Client Alerts

Issue 90: Important Changes to Minimum Value and Out-of-Pocket Maximum Rules Embedded in Marketplace Guidance


This is the ninetieth issue in our series of alerts for employers on selected topics in health care reform.  (Click here to access our general summary of health care reform and other issues in this series).  This series of Health Care Reform Management Alerts is designed to provide an in-depth analysis of certain aspects of health care reform and how it will impact your employer-sponsored plans.

Earlier this year, the Department of Health and Human Services (HHS) issued its Notice of Benefit and Payment Parameters for 2016(the “Final Rule”). The Final Rule addresses a variety of provisions under the Affordable Care Act (ACA) for 2016 that impact both the group and individual markets, as well as certain provisions that impact self-funded plans. This alert only highlights those changes impacting employer group health plans (and, except where otherwise noted, these changes would only impact the “small group” fully-insured market, which generally includes 50 or fewer covered lives).  While HHS clarified a few items from the proposed rule it issued late in 2014 – namely the open enrollment period, minimum value, and medical loss ratio – many of the provision requirements remain the same. Here are the highlights of the Final Rule:

Eligibility, Enrollment, and Benefits

Revised Essential Health Benefits Benchmark Selection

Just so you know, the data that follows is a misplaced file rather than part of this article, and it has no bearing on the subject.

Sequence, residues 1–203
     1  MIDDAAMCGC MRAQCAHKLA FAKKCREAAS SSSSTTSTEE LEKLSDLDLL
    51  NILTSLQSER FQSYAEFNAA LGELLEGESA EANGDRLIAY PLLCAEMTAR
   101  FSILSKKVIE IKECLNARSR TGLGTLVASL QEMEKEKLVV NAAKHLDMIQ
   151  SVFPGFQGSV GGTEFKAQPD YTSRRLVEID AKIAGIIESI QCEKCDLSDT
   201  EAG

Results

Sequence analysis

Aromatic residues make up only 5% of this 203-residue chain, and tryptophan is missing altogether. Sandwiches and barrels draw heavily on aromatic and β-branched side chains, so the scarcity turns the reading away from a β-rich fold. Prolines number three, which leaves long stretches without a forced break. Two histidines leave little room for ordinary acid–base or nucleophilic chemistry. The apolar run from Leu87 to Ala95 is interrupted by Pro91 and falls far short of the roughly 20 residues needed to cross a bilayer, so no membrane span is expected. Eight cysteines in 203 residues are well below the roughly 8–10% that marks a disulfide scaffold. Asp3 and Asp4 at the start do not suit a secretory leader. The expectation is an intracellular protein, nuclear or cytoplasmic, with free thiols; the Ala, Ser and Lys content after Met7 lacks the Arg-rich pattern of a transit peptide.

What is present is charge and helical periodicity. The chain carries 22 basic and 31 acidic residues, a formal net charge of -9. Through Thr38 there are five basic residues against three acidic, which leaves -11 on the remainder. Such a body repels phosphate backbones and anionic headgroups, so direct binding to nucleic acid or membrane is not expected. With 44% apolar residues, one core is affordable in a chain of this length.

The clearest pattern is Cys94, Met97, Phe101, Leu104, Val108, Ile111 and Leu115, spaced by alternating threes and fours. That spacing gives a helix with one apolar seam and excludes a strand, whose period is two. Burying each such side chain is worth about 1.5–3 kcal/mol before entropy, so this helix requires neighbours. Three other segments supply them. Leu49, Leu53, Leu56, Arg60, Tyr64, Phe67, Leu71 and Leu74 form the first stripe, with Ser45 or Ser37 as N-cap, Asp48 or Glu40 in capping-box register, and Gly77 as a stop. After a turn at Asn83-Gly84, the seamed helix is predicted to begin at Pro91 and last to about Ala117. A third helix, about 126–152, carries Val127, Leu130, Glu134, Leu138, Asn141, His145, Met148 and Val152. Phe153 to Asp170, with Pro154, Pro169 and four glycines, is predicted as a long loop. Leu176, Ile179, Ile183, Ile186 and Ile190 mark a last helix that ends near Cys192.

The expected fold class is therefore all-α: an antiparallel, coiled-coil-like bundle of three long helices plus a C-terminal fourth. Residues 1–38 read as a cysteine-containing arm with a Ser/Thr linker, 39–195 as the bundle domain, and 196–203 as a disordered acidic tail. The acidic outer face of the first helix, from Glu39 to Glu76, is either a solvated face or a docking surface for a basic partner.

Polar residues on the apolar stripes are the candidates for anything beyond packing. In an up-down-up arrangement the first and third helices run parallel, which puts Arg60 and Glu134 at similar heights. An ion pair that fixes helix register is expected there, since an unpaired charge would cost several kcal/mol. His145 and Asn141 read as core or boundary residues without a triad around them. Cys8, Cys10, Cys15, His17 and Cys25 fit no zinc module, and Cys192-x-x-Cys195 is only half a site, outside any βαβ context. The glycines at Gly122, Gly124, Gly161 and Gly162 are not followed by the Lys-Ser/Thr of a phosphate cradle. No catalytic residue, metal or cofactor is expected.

The Final Rule clarifies that States may select new benchmark plans for 2017, based on plans available in 2014.  Small group plans must cover all benefits included in its state benchmark.  Large group fully-insured and self-funded plans can, to a certain extent, control the definition of “essential health benefits” through choosing among any available benchmark plan.  This does not mean that the plan must cover all benchmark benefits, but the benchmark is used to determine what constitutes an “essential health benefit”.  So, to the extent a plan does cover one of the benefits included in the benchmark option, it may not impose annual or lifetime dollar limits on that benefit.  For more on benchmark plans, see Issue 36 in our series. 

Strengthening the MLR Program
Consistent with the practice of the majority of issuers, the Final Rule clarifies that Federal and State employment taxes should not be excluded from premium in the medical loss ratio (MLR) and rebate calculations. The Final Rule also provides that subscribers of non-federal governmental or other group health plans not subject to ERISA must receive the benefit of MLR rebates within three (3) months of receipt of the rebate by their group policyholder, in the same manner as subscribers of group health plans subject to ERISA.

Payment Parameters

2016 Cost Sharing Limits
The 2016 maximum annual out-of-pocket limits are confirmed at $6,850 for self-only coverage and $13,700 for other than self-only coverage (e.g., family coverage, self plus one, etc.).  The Final Rule also clarifies that the out-of-pocket limit for individual coverage applies to all enrollees, even if they are enrolled in family coverage. For example, if the plan has an individual out-of-pocket maximum of $5,000 and a family out-of-pocket maximum of $10,000, then if any family member’s out-of-pocket maximum reaches $5,000, services for that particular family member will be covered at 100% coinsurance.  Notably, it would appear that this clarification will likely extend to self-funded and large-group fully-insured plans as well, so all plan sponsors should revisit their plan design to ensure the out-of-pocket maximums are in compliance (subject to future clarification prior to the effective date of this provision).